Reinach, Adolf

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REINACH, ADOLF (1883–1917), German philosopher. Reinach, who was born in Mayence, was a student of *Husserl and taught at Goettingen with him. Through his lectures, articles, and personal discussions he had considerable influence on Husserl and on the early phenomenologists. Reinach's version of phenomenology was simpler and clearer than Husserl's and more concrete. He stressed the intuiting of the essential core of phenomena and developed a theory of the phenomenological a priori, a property of states of affairs rather than of acts of judging. He applied phenomenology to the philosophy of law, and tried to construct an a priori theory of law, contending that there are essential elements of law that have an absolute validity, independent of the mind that thinks of them and of temporal conditions. Reinach tried to explore the relationships of these elements. He was killed during World War i. His writings were collected and published by his students in Gesammelte Schriften (1921).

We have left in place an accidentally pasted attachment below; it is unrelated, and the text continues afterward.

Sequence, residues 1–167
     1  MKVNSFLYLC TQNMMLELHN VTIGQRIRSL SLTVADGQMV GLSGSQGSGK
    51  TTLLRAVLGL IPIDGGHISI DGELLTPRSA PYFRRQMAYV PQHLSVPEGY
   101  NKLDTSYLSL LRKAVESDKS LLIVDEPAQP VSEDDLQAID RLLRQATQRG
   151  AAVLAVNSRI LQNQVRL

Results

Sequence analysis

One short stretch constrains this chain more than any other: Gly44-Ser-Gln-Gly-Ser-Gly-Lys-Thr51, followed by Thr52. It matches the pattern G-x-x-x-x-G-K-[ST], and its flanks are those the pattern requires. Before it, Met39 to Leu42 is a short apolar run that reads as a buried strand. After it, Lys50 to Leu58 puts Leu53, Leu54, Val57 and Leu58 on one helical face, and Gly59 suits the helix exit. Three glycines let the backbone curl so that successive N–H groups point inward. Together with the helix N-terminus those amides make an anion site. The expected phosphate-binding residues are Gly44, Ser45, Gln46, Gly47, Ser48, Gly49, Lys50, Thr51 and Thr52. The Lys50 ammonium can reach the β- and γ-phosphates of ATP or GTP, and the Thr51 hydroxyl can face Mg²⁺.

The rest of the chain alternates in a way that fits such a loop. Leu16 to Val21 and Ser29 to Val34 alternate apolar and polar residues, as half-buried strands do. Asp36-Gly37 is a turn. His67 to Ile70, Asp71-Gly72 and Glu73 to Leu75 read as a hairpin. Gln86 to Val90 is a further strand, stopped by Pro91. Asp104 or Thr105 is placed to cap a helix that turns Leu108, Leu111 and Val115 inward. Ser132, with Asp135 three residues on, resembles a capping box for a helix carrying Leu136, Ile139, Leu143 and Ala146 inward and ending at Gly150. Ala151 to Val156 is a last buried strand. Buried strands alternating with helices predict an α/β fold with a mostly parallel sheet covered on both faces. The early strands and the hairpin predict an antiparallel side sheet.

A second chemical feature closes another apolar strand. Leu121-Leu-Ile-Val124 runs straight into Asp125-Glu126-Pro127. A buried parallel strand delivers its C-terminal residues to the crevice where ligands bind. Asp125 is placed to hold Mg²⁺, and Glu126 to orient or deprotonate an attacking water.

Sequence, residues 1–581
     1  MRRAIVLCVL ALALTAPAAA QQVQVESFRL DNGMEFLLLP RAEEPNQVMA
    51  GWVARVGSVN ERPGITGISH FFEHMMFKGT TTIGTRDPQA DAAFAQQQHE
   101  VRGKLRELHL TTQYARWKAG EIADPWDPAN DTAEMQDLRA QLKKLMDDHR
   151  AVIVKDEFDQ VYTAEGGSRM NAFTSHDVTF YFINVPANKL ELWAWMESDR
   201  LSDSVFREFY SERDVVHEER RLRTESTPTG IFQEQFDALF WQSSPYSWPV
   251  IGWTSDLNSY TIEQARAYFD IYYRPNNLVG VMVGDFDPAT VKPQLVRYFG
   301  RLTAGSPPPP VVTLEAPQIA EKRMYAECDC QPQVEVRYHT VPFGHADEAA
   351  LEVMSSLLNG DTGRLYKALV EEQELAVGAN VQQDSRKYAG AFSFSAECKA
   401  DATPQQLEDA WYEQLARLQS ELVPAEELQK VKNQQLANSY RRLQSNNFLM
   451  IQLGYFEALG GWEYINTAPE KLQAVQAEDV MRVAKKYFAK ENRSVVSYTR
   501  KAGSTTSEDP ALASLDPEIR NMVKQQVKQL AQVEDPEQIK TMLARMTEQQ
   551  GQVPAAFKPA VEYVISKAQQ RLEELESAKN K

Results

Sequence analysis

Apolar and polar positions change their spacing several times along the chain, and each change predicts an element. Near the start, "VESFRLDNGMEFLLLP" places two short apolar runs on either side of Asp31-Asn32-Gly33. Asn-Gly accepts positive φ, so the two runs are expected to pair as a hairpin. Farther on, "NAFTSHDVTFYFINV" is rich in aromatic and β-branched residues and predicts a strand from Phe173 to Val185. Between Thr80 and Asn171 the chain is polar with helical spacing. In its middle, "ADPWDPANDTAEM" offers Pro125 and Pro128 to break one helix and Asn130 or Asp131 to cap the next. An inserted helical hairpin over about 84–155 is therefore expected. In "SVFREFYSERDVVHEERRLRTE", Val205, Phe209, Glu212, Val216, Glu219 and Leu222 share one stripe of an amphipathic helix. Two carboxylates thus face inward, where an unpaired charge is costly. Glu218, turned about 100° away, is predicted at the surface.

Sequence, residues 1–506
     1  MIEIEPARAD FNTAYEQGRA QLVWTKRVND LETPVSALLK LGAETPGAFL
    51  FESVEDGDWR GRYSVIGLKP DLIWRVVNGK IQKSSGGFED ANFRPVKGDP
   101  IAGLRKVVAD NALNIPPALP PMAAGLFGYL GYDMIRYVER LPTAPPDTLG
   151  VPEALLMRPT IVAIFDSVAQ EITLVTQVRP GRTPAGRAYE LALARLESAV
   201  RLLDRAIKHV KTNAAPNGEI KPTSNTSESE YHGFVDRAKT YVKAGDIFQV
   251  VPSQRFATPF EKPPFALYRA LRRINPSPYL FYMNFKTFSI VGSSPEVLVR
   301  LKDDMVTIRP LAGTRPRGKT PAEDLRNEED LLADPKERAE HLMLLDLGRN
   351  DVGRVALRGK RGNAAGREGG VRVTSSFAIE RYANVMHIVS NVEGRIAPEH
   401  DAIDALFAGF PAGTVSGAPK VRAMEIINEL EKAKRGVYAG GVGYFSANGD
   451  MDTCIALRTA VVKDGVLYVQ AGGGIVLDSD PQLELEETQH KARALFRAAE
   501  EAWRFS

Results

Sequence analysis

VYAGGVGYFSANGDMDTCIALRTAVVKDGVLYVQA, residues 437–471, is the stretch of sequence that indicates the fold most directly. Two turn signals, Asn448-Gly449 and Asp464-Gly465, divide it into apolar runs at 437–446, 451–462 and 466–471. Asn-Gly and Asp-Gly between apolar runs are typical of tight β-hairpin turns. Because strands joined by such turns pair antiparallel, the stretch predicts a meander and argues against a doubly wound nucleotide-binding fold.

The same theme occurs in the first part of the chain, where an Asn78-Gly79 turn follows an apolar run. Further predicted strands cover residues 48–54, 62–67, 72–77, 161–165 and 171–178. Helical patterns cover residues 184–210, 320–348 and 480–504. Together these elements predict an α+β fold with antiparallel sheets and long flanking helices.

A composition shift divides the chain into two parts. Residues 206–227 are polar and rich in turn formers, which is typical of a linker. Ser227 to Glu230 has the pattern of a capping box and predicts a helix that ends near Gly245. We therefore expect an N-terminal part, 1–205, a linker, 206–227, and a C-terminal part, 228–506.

Husserl, in: Kantstudien, 23 (1919); J.M. Oesterreicher, Walls are Crumbling (1952), 99–134: H. Spiegelberg, Phenomenological Movement (1960), 195–205.

[Richard H. Popkin]